Energy ETFs unsettled as Saudi-Russia feud continues

Apr 6th, 2020 | By | Category: Commodities

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ETFs linked to the energy sector continue to be plagued by volatility and uncertainty as efforts to resolve a feud between key oil producers Saudi Arabia and Russia have stalled.

Energy ETFs remain troubled as Saudi-Russia feud continues

An emergency OPEC+ summit has been postponed, causing more uncertainty in global energy markets.

An emergency meeting held by OPEC and its Russian-led allies, due to take place on Monday 6 April, has been postponed over souring relations between Riyadh and Moscow.

The summit would have focused on negotiating a coordinated curtailment of crude oil production, helping to end the supply glut that has driven oil prices to multi-year lows.

Recently, Saudi Arabia has been flooding the market with oil, a move which Russia believes is aimed at destabilizing its energy industry as well as the rise of US oil-shale companies. Saudi Arabia denies the accusation.

The Kingdom’s policies have also angered fellow OPEC members. Iran and Venezuela, straining under the weight of US sanctions, rely more than ever on oil income to fill their government coffers.

Adding to these countries’ woes, the coronavirus pandemic has seen economic activity grind to a standstill and global demand for oil fall off a cliff.

According to analysts at Fitch ratings, demand for oil is expected to be several million barrels per day lower in 2020 compared with 2019, driven primarily by a loss of appetite for jet fuel and gasoline which represent 35% of global oil consumption.

The combination of Saudi Arabia’s full-throttle production with dwindling global demand has caused the price of oil to plummet.

Front-month futures on West Texas Intermediate and Brent Crude oil crashed approximately 62% between 20 February and 31 March to reach just $22.74 and $20.48 per barrel, respectively.

ETFs tracking WTI, such as the United States Oil Fund (USO US) and the Europe-listed WisdomTree WTI Crude Oil, CRUD_LN, as well as those linked to Brent Crude such as the WisdomTree Brent Crude Oil 1mth (OILB LN) have consequently suffered massive losses.

Investors who believe the low oil price presents a compelling buying opportunity should take heed as the oil futures curve has steepened dramatically. ETFs that track front-month futures contracts are subject to rolling costs as the expiring contract is rolled into the following month. At the moment, WTI futures for May are selling at an 11.5% premium to April.

Oil pundits were hoping the OPEC+ meeting would restore some normality into floundering oil markets – following an encouraging tweet from US President Donald Trump about the chances of an oil deal being struck, crude prices soared a record-breaking 25% on 2 April 2020 (albeit from a very low base). However, with communications between Riyadh and Moscow suspended, and the US failing to outline any limit on its own production, a near-term resolution seems unlikely.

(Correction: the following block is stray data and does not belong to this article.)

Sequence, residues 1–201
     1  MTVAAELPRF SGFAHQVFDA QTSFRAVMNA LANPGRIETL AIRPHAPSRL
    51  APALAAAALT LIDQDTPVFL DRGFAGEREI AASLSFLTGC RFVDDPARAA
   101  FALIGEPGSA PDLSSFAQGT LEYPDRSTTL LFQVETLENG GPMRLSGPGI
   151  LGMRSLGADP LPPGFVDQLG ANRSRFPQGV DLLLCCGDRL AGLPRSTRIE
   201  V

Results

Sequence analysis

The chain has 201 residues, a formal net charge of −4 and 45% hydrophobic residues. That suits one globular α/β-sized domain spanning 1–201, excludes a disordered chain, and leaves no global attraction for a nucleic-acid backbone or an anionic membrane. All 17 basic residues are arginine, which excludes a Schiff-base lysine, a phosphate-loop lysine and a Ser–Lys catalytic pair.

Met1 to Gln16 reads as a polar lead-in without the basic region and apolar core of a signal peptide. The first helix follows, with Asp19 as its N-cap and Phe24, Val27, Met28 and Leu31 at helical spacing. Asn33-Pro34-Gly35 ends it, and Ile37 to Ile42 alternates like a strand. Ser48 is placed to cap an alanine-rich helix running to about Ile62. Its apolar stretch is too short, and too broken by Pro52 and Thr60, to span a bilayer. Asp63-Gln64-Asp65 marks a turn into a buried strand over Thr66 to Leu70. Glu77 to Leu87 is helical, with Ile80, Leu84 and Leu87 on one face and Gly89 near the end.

The challenges facing the oil market served to amplify the sell-off of energy companies during the recent global equity market meltdown that was precipitated by coronavirus-induced fears. Investors are fearful that bankruptcies will rise significantly in the energy sector due to the combination of ultra-low oil prices, massive corporate debt burdens, and dismal global oil demand.

Between 20 February and 23 March (the recent equity market bottom), the iShares Global Energy ETF (IXC US) sunk 53.1%. Looking at the US and European markets individually, the Energy Select Sector SPDR Fund (XLE US) lost 56.0% in US dollar and the Lyxor STOXX Europe 600 Oil & Gas UCITS ETF (OIL FP) lost 44.6% in euro terms. Over the same period, the MSCI World, S&P 500, and Stoxx Europe 600 each lost between around 35%.

ETFs providing exposure to master limited partnerships (MLPs) have fared even worse with the Alerian MLP ETF (AMLP US) dropping 60.0% between 20 February and 23 March. MLPs are tax-efficiently structured companies that typically own energy infrastructure in the United States including pipelines, natural gas, gasoline, oil, storage, terminals, and processing plants.

Global equity markets have recovered somewhat since their low two weeks ago, buoyed by strong responses from governments and central banks. The market has also been lifted on the hope of an early end to the pandemic as China restarts its factories and Italy and Spain show signs of being able to control the spread of coronavirus within their borders. Oil and gas companies have gained along with the broad market, although these firms are still way off their February highs.

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